Only 2% of micro-businesses in the UK use Mobile Point-of-Sale (MPOS) to accept payments, according to research carried out by MobileSquared on behalf of Kalixa Group.
The research is based on responses from more than 1,000 UK micro-businesses (businesses of between one and nine employees in size) including market traders, fast food outlets, independent retailers, and mobile caterers. The announcement corresponds with the launch of Kalixa Pro, a low cost small business payment solution that includes a MPOS product.
The need for MPOS
The research reveals many micro-businesses identify cash flow (45%) as the number one barrier to growth. In addition, nearly half (48%) of micro-businesses surveyed miss sales or face delayed settlement, with one in 10 saying they miss sales because they don’t have the required payment capability. And more than half of respondents believe multi-channel payments will be important in the future.
Micro-businesses are looking to MPOS technology to help solve these challenges. Nineteen per cent believe MPOS will help with cash flow and 17% expect it to remove payment issues. An encouraging 38% of respondents say they will adopt MPOS in the near future as long as their concerns are addressed. Given MPOS is a relatively new technology and micro-businesses are typically hard to reach, it is surprising that 47% of respondents correctly identified the actual definition of an MPOS.
Despite clear interest, understanding and awareness of MPOS, adoption remains exceptionally low. Just 2% of respondents currently use MPOS technology. One major reason is that current MPOS and POS offerings are too slow to settle payments and help businesses’ improve cash flow, Kalixa said. The majority of existing MPOS services takes between seven to 10 days to settle payments.
The research also reveals that MPOS security (56%) and connectivity (29%) are major concerns among micro-businesses.
Kalixa Pro overcomes the cash flow barrier challenge faced by micro-businesses by offering settlement in three business days – less than half the time of the majority of competitors, the company claims. To truly disrupt the MPOS market, later this year Kalixa will extend its service to offer a fully integrated small business payments account. The account will enable micro-businesses to accept multi-channel payments using the MPOS and Kalixa’s online payments gateway, as well as access and make payments across all their settled funds using a prepaid MasterCard.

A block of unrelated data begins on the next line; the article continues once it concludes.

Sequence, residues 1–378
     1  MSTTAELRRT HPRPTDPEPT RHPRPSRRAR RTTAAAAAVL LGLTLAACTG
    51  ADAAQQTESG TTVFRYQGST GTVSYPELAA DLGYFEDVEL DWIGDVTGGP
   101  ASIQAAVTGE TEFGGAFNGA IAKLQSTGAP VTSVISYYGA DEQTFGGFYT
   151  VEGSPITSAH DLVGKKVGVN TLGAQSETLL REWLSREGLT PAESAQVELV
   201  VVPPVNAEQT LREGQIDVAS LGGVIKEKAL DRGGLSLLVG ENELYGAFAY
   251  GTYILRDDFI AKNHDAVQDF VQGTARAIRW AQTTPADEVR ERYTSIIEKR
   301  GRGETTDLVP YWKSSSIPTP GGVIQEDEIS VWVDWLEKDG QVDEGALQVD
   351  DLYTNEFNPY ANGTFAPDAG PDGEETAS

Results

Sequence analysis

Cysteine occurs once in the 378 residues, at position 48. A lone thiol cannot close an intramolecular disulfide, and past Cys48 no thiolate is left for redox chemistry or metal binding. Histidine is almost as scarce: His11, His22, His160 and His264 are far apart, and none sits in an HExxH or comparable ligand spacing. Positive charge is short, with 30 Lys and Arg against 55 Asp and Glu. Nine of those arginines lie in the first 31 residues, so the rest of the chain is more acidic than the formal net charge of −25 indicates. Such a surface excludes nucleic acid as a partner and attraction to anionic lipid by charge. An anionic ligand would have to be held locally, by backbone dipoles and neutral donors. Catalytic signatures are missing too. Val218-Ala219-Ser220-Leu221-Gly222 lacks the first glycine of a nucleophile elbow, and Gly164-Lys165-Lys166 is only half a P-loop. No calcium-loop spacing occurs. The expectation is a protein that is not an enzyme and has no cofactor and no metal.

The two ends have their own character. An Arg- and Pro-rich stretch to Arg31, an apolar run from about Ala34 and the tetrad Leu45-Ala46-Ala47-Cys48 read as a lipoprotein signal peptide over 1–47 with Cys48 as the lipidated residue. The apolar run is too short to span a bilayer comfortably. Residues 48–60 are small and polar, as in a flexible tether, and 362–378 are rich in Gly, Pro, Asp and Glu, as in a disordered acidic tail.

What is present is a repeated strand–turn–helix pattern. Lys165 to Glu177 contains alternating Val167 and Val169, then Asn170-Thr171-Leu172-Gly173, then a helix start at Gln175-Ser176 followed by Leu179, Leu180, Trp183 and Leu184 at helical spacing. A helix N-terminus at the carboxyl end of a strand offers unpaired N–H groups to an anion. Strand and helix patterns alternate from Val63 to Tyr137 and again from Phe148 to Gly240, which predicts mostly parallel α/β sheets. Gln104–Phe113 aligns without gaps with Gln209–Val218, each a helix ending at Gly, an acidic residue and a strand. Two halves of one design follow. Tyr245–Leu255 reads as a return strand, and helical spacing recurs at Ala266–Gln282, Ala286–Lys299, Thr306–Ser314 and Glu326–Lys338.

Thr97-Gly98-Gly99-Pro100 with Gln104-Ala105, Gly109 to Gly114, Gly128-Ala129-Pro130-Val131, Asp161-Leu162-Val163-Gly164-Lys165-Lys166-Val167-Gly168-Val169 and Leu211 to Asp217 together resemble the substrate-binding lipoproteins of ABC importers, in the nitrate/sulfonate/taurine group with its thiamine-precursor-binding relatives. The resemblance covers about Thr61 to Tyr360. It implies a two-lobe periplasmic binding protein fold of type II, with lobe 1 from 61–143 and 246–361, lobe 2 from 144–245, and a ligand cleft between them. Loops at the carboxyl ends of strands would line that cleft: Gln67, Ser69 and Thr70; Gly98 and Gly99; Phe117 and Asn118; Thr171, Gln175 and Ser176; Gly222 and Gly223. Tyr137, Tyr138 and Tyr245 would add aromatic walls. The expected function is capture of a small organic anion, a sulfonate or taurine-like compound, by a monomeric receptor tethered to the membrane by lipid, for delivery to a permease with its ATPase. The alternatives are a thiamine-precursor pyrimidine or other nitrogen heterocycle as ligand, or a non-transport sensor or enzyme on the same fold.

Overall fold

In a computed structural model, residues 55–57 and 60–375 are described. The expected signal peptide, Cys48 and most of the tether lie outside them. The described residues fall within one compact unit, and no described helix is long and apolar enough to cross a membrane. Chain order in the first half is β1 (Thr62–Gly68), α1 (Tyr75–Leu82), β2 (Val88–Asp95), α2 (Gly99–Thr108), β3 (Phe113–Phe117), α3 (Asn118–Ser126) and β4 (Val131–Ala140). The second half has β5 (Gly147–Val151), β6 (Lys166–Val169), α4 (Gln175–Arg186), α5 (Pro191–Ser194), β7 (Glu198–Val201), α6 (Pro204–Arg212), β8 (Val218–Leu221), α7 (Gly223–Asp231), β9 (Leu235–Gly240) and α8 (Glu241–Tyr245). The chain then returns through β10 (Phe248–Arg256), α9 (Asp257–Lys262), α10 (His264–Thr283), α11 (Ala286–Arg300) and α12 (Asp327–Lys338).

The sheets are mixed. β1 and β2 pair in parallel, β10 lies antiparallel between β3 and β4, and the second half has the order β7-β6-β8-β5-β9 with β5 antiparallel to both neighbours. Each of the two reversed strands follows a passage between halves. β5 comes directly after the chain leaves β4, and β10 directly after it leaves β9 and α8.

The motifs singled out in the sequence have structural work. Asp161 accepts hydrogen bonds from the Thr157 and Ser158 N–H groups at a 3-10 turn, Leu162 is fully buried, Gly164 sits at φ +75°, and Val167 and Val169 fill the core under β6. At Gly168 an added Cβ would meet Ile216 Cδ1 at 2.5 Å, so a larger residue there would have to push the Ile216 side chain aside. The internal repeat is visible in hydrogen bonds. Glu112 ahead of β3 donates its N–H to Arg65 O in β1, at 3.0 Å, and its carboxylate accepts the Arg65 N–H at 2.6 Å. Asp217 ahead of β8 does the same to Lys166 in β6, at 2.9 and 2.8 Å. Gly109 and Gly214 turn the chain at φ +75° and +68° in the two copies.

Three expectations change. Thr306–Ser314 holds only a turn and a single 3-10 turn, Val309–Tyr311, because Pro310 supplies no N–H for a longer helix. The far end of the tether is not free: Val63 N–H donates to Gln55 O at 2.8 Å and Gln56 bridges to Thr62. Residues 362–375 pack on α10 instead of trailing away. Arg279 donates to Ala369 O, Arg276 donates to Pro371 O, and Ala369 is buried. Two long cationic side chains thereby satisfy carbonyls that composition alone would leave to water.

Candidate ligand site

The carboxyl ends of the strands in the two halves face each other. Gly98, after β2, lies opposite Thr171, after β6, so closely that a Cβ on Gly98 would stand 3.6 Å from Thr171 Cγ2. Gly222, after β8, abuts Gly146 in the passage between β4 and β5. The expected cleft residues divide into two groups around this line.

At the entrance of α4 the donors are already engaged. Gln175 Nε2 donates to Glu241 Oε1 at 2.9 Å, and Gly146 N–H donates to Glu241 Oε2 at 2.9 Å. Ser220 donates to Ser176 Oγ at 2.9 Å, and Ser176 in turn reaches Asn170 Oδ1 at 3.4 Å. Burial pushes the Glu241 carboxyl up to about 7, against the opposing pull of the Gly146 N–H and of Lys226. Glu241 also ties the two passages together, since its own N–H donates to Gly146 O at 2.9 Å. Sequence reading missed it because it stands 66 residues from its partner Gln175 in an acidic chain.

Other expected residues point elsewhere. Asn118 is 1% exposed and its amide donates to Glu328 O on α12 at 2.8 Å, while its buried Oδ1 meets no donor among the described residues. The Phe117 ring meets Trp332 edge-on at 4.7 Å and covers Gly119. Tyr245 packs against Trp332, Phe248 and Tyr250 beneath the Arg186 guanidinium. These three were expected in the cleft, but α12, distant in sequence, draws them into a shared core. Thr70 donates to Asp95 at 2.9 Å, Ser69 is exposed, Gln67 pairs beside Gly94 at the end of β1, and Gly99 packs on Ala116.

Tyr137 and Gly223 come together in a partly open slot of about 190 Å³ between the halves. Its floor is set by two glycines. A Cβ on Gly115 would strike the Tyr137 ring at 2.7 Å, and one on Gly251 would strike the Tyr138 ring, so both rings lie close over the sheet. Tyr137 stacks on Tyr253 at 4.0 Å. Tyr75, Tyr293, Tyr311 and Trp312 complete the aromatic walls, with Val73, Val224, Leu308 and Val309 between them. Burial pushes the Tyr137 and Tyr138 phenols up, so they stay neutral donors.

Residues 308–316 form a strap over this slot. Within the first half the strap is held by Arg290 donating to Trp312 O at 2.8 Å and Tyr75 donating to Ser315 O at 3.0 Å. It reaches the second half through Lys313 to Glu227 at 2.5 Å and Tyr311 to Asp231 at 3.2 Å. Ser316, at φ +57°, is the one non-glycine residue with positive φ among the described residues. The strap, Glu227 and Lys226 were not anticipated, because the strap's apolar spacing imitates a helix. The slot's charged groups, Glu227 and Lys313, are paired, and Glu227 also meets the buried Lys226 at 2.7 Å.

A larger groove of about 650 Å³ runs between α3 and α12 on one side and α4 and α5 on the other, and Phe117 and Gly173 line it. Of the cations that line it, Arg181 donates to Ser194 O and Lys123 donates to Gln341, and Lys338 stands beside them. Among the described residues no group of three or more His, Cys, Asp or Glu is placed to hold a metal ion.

“Micro-businesses are missing sales and face delayed settlement, with many citing current payment technology as the culprit and mobile as part of the solution. Yet market adoption simply isn’t there,” said Colin Swain, head of product, innovation and insight at Kalixa Group. “We listened to what small businesses needed and have launched a unique service proposition that addresses these needs. We’re focused on helping to solve the cash flow challenge and provide merchants with an integrated service that takes care of all their payment needs – whether it’s making or accepting payments via mobile, online or on the high street.
“However, services can only go so far in solving the adoption problem. According to the research, with the right education 38% of businesses will adopt MPOS in the near future. The UK payments industry needs to tackle the issues of security and connectivity by educating consumers about how safe it is to accept cards using an MPOS, and educating businesses about how next generation networks are delivering near-ubiquitous connectivity. Kalixa is committed to working with the industry to educating consumers and businesses,” Swain added.
“Our extensive research talking to micro-businesses revealed that investment in an MPOS device is a major consideration for the majority of these companies that can often take 12-18 months to make, even though there is a marked increase in sales once that decision has been made,” said Nick Lane, chief Aanalyst at mobilesquared. “It is clear from the research that education is key to addressing micro-business concerns around settlement speed, security and connectivity, but also to educate micro businesses and their customers that the ‘calculator-like’ device is as trustworthy and safe as every other POS device.”